4. 2001 Carolina Panthers, 1-15
Another terrible team with a Minnesota connection, the 2001 Panthers–led by St. Paul native Chris Weinke–is the only NFL team ever to win its first game (over who else, the Vikings) and lose its final 15.
3. 1979-82 Northwestern Football
They lost 34 straight games (a 1-A record) and got outscored by 40+ points per game in a winless 1981 season. Combine that with purple uniforms and it just isn’t pretty.
2. 1899 Cleveland Spiders, 20-134
This team never really had a chance. Their owners bought the St. Louis Browns after the Browns posted a then-worst ever record of 39-111 (.260) and “traded” all of Cleveland’s good players, including Cy Young to St. Louis. The result, a MLB all-time worst .130 win percentage, 6 ten-plus game losing streaks and a 1-40 stretch to end the season. Ouch, ouch, ouch.
1. 1976 Tampa Bay Bucaneers, 0-14
I wonder if Steve Spurrier puts this down on his resume? They got outscored by 285 points on the season, got shut out five times and had by far the worst uniforms in the history of professional sports. They also managed to go winless for the first 12 games of the following season, which is almost impressively futile.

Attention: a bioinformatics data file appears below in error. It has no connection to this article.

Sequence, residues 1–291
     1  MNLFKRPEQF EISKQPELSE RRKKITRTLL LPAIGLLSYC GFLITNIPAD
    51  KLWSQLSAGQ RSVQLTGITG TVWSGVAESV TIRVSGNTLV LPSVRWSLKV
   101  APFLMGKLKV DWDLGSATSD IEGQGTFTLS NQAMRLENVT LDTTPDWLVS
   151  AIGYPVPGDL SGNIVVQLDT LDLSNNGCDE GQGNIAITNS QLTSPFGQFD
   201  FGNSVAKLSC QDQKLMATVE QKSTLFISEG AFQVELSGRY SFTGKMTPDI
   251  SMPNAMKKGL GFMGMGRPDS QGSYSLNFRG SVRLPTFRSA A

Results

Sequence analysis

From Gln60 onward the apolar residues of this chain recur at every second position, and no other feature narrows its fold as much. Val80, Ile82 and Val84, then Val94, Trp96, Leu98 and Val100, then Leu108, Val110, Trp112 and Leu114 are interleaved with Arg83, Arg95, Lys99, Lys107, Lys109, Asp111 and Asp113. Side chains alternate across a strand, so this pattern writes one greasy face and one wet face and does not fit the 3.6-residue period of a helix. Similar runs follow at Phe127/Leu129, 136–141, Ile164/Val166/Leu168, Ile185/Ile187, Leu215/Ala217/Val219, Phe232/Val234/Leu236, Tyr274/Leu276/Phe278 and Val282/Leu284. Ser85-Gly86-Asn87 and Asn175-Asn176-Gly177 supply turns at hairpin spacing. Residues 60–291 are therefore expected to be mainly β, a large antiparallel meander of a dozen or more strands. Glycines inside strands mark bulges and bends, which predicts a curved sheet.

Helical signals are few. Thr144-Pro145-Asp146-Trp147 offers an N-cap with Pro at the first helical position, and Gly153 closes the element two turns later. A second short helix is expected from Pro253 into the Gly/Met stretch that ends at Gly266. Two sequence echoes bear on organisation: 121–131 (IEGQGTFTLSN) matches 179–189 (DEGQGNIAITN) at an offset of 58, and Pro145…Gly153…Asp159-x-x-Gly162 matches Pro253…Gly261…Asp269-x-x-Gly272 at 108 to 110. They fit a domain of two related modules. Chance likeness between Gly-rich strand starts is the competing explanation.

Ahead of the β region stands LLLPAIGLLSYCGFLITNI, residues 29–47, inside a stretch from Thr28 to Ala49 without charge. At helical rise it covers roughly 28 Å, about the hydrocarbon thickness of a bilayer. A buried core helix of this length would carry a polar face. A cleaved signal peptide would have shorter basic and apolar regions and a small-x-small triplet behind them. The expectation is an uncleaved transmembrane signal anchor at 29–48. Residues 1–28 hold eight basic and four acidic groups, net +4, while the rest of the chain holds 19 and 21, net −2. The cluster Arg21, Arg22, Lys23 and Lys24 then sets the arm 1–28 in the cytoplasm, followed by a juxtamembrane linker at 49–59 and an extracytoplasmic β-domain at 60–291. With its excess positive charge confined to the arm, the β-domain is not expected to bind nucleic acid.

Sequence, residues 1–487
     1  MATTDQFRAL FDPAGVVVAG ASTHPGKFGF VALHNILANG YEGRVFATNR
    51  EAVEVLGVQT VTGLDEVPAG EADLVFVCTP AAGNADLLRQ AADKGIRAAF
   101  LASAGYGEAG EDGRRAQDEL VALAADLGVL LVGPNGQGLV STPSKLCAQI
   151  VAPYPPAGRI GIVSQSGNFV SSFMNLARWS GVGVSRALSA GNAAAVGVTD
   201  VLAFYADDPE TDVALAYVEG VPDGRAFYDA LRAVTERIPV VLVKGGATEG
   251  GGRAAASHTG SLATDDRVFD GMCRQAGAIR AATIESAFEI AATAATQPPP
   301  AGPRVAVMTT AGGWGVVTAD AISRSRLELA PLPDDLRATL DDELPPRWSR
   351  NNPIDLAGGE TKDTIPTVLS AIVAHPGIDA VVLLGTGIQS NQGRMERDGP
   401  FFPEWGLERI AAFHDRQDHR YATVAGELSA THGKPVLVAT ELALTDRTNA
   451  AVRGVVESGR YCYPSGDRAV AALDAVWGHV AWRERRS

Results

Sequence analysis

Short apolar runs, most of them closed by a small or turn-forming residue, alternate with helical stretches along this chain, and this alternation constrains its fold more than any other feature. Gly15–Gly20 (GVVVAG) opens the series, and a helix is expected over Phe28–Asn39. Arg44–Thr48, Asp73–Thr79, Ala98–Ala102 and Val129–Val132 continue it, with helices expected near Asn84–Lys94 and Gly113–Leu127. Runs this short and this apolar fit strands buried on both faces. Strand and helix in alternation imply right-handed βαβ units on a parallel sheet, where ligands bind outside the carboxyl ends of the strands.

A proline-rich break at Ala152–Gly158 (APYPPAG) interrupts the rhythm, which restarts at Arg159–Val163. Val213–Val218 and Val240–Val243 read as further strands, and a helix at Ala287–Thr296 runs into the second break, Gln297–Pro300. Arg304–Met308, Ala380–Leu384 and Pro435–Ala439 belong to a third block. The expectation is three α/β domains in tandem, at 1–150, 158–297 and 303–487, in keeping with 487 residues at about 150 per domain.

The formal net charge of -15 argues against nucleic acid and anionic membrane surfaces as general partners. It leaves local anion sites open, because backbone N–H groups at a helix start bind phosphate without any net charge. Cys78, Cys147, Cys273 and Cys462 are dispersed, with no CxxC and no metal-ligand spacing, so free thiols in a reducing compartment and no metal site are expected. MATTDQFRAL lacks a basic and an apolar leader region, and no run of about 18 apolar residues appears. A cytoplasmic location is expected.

Well, that’s it for this week. I’ve got some plans to get out and see a bit of the area this weekend so look for that as well as updates on the winning streak we are hopefully about to start in the next installment.
Hey, back again for another installment. At the moment our record stands at 4-10 and this week hasn’t been real kind to us as we’ve gone 0-3 and gotten outscored 44-5 including a 28-1 loss on Monday. Let’s just say it’s been more Roy Munson than Thurman Munson so far this week, but I’m sure we’ll pull it together and start playing better soon.